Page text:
There is no direct evidence at this stage for the theory of Bales as an enemy agent or dupe. But Bales' attorney says he has seen "no forensic evidence" and there have been "no confessions" to support the Army's case. The fact is that so little is known about the killings that both sides of the story -- the one told by the U.S. Army and the one told by anti-American foreign propagandists -- have to be questioned.
If the enemy recruited Bales and then helped him carry out the massacre, so it could be blamed on the U.S., then we gain an additional important insight into the brutal nature of those who want the U.S. to leave so they can take over. Staging a massacre and blaming it on the Americans is something that makes sense, if we examine what is already known about the killings.
Consider that the enemy has infiltrated and recruited among members of the Afghan Army. Is it so far-fetched to believe that an American soldier was recruited as well? Perhaps he was not converted to Islam. But he may have had his outlook on the war completely twisted by the propaganda telling him that he is a member of an occupying force that has to leave the country.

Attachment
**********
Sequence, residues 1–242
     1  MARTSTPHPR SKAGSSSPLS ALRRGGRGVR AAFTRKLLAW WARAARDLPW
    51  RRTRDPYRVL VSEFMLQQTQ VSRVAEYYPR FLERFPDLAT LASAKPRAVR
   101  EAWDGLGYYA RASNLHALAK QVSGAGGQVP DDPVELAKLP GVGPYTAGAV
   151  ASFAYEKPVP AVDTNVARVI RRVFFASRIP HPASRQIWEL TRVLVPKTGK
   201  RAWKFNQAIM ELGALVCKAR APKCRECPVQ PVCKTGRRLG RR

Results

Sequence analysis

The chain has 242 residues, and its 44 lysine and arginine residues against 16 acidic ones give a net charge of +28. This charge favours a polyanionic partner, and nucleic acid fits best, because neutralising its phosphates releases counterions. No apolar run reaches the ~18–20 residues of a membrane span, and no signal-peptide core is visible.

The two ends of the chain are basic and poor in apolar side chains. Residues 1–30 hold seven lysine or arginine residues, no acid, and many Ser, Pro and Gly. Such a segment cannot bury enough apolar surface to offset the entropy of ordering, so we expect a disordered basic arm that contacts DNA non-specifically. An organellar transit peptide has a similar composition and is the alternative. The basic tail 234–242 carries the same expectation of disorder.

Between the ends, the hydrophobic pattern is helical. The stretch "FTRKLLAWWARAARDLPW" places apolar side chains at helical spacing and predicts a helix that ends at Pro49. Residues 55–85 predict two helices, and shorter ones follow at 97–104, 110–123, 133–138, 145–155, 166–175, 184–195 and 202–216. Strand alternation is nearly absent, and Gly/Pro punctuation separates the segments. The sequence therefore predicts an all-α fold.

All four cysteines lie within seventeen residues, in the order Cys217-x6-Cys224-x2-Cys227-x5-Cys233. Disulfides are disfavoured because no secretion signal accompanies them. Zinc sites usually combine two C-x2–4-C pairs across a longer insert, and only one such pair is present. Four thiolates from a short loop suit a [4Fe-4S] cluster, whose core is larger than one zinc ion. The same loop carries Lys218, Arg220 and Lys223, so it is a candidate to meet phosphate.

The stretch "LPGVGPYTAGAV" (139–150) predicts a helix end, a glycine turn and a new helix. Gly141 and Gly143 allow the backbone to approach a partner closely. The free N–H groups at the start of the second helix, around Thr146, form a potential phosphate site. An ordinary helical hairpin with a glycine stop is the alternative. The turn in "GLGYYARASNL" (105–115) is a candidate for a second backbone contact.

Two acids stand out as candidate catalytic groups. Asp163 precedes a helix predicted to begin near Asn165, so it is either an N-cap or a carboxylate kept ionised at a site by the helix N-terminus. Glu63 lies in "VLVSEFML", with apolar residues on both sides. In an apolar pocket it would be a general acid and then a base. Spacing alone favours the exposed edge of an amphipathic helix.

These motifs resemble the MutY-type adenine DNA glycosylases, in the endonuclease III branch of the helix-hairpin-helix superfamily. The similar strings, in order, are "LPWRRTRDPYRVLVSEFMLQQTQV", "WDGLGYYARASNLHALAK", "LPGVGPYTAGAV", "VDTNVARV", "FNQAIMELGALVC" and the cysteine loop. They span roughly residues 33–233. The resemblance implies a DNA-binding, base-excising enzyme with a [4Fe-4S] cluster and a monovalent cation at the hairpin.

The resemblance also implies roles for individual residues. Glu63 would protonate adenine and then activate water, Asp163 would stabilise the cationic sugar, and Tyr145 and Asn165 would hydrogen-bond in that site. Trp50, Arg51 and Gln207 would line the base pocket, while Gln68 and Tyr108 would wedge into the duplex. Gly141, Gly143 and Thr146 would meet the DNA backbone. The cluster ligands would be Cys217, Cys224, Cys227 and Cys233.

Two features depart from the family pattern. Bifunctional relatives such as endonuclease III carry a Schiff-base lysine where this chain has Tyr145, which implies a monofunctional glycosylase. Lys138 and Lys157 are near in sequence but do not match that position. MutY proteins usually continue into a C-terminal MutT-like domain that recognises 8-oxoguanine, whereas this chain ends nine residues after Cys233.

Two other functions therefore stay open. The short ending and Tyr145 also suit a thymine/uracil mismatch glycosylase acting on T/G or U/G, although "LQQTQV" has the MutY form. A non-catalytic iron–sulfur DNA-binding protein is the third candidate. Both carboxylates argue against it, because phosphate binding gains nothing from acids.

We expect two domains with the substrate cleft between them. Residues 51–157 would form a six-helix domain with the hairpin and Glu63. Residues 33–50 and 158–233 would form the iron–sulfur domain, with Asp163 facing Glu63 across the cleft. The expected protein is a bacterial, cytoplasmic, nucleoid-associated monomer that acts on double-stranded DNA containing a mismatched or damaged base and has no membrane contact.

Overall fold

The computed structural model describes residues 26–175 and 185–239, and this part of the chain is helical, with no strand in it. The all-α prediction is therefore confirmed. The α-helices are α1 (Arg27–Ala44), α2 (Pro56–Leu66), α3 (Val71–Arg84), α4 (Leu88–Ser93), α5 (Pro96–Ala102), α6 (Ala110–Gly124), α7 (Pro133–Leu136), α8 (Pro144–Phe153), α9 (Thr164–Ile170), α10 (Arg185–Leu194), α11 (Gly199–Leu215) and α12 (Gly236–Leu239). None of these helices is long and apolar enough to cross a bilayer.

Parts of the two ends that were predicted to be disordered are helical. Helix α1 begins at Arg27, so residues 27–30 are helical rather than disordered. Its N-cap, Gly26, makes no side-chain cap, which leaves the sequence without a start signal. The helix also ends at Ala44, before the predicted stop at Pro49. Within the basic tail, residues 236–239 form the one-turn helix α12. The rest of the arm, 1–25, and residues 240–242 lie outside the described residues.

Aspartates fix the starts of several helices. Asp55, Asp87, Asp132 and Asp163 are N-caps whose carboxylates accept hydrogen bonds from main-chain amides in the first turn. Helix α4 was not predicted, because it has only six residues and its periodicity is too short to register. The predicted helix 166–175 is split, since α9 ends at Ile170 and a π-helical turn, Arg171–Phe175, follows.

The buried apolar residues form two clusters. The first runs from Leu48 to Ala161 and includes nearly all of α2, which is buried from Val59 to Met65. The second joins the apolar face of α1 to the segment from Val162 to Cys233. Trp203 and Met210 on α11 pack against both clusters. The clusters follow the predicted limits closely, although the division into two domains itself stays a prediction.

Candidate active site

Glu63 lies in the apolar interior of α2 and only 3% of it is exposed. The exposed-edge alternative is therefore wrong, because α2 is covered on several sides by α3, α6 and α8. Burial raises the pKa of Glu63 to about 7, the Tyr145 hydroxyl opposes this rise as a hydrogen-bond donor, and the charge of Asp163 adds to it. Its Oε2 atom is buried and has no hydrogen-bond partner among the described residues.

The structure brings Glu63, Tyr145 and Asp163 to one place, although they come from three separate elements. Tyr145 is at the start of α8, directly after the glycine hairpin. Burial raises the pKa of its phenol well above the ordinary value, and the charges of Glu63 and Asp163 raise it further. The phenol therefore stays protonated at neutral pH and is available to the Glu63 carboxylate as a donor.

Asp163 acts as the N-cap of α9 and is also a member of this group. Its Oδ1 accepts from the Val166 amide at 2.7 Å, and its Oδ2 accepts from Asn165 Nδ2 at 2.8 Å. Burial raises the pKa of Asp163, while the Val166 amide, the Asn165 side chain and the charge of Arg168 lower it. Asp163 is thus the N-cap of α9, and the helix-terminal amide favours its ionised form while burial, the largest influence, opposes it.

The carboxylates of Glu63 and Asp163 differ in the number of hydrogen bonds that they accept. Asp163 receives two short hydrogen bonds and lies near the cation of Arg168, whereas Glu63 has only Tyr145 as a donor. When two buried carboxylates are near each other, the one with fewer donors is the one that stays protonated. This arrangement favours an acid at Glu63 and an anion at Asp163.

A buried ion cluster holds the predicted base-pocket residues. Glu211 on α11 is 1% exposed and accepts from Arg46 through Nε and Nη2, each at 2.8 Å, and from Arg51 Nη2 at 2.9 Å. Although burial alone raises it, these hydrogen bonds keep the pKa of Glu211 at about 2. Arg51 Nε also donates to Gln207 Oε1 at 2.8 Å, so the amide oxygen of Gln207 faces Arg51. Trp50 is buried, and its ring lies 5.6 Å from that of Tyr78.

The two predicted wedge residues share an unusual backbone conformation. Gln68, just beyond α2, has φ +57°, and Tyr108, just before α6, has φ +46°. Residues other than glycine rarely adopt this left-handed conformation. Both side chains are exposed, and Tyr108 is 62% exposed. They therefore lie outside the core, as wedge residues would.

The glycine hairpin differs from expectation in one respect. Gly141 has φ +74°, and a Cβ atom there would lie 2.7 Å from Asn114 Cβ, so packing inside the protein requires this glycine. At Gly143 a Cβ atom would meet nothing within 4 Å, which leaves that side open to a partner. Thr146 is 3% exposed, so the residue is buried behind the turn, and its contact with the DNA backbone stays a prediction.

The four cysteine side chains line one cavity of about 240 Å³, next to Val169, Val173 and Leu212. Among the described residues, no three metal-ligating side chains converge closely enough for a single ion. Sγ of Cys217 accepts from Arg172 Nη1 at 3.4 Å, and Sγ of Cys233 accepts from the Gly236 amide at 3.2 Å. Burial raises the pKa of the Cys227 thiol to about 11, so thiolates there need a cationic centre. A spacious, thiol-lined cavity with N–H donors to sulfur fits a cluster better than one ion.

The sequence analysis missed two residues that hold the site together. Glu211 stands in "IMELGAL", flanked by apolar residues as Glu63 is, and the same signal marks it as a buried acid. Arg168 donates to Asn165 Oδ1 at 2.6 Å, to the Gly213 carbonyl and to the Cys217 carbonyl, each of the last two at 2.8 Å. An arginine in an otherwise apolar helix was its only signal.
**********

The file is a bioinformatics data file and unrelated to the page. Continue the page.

Kincaid goes on to state that "a cover-up may be underway, intended to obscure the nature of the apparent brainwashing that Bales underwent at some point in his military career."
Are Attkisson, Isham, and CBS still proud to have received that award from AIM?
Right-wing media are trying to breathe new life into the never-dormant right-wing mantra that President Obama is the "apologist in chief" in order to argue that Obama has "diminished" America's standing in the world -- an argument that is contradicted by America's actual standing in the world.
After Obama apologized to Afghanistan for the actions of U.S. military personnel posted there, conservative media figures lambasted him for "constantly bending over backwards" and "showing weakness ... in Afghanistan and elsewhere around the globe." Fox News' Sean Hannity, one of the greatest purveyors of the "apology tour" myth, has even claimed that this is proof of just how much Obama has damaged America's standing in the world.
But all of this -- from Obama "constantly" apologizing for America to his hurting U.S. image abroad -- is a lot of nonsense.
First, let's cue Hannity, who devoted two separate segments on his two different platforms to pushing this meme: